We enjoyed our visit to Viera Wetlandslast week. Good thing we went then, because we are both sick this week. (Not from the trip.) But we are on the mend. “The wetlands are a popular site for birders, photographers, and eco-tourists. The entire wetland system is accessible by automobile, making the site popular among those who find the rigors of hiking trails and summer temperatures daunting. Even better, viewing the site from one’s automobile serves to screen visitors from birds and widlife, enhancing the experience.” They have 4 Cells and a Lake which have a berm around them. You drive on the berm and that gets you right up to the birds. (If they cooperate)
This was not our first visit to the wetlands, but it is 100 miles from home, so it is not something we do frequently. Other than a few different birds we have almost the same ones right here at the Circle B Bar Reserve (only 4 miles from home).
Here is a list of the birds turned in to eBird for the two days we visited the wetlands:
Anhinga Viera Wetlands
Great Blue Heron
Little Blue Heron
39 total birds seen that I can identify. If I include the rest of the birds spotted there in Brevard County including the wild birds at the Zoo and Beach, then the count goes to 52. The additional birds include the Brown Pelican, Black and Turkey Vultures, Red-shouldered Hawk, Eurasian Collared Dove, Mourning Dove, Red-bellied and Downy Woodpeckers, Pine Warbler, Northern Cardinal and Brown-headed Cowbird. Other than the Caracara, Sanderling, and Ruddy Turnstone, I have seen the rest in Polk County, where we live.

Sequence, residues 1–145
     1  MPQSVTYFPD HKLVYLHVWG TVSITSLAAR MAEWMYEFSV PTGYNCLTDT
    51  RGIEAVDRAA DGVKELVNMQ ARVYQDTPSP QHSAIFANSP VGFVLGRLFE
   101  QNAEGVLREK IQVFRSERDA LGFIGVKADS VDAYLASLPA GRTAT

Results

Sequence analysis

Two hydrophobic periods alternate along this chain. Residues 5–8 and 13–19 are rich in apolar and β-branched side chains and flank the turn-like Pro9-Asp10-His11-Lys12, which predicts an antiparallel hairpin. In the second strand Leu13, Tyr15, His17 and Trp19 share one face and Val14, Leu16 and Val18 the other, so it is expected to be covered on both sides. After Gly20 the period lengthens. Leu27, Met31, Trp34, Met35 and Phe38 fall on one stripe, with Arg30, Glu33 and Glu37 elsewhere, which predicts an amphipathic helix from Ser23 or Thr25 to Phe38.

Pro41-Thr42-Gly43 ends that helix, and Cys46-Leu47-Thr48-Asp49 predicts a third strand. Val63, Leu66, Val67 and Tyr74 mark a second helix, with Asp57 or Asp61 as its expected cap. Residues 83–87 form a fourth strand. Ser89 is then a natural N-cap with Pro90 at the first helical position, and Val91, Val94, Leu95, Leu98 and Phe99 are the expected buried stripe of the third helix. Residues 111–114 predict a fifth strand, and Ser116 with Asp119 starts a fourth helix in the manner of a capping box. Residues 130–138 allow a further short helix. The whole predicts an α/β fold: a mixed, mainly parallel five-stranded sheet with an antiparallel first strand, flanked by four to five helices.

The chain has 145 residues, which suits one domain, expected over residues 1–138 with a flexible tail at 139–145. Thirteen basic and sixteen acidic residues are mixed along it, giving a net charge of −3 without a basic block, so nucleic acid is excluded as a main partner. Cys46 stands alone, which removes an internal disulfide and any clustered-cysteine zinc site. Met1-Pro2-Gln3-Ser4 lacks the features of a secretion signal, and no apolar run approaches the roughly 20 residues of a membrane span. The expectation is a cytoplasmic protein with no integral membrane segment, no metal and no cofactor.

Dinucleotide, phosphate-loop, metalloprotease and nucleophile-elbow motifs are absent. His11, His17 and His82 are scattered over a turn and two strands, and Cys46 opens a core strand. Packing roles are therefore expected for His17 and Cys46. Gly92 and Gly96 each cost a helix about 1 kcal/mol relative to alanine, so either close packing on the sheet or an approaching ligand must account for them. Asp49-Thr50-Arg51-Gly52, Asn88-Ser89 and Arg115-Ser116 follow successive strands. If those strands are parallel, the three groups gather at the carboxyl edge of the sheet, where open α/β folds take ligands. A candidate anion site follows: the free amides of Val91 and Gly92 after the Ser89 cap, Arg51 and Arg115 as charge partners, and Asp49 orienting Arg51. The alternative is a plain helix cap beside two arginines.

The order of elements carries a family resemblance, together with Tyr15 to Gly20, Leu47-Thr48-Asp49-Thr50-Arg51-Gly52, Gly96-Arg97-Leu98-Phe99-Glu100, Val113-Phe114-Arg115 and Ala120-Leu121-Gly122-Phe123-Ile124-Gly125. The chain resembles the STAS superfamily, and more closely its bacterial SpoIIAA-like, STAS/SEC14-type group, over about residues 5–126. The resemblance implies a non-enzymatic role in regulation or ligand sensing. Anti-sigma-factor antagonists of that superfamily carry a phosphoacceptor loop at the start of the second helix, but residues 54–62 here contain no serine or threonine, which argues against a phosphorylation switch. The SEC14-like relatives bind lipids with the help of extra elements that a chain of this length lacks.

Does that mean, I wouldn’t go back, NO WAY! I love going over there to the Wetlands because every time you go, there are different birds waiting for you to discover them. That is what birdwatching is all about. Also, Brevard County has the Merritt Island Wild Life Refuge and other great birding places.
There had to be well over 1,000 American Coots out there. What amazed me was how they would all huddle together in long streams of them. This was just one of the smaller groups. Some were hundred of Coots long.
I am not sure what this Coot did, but it appears the Northern Shovelers are escorting him out of their area.
Managed to get a close-up of a Boat-tailed Grackle sitting on a sign.
It seemed a little dryer than on previous visits. Looks like they could use some rain. It does make an effect on what birds are present by the water levels. Was a great visit.
I know all the birds of the mountains, And the wild beasts of the field are Mine. (Psalms 50:11 NKJV)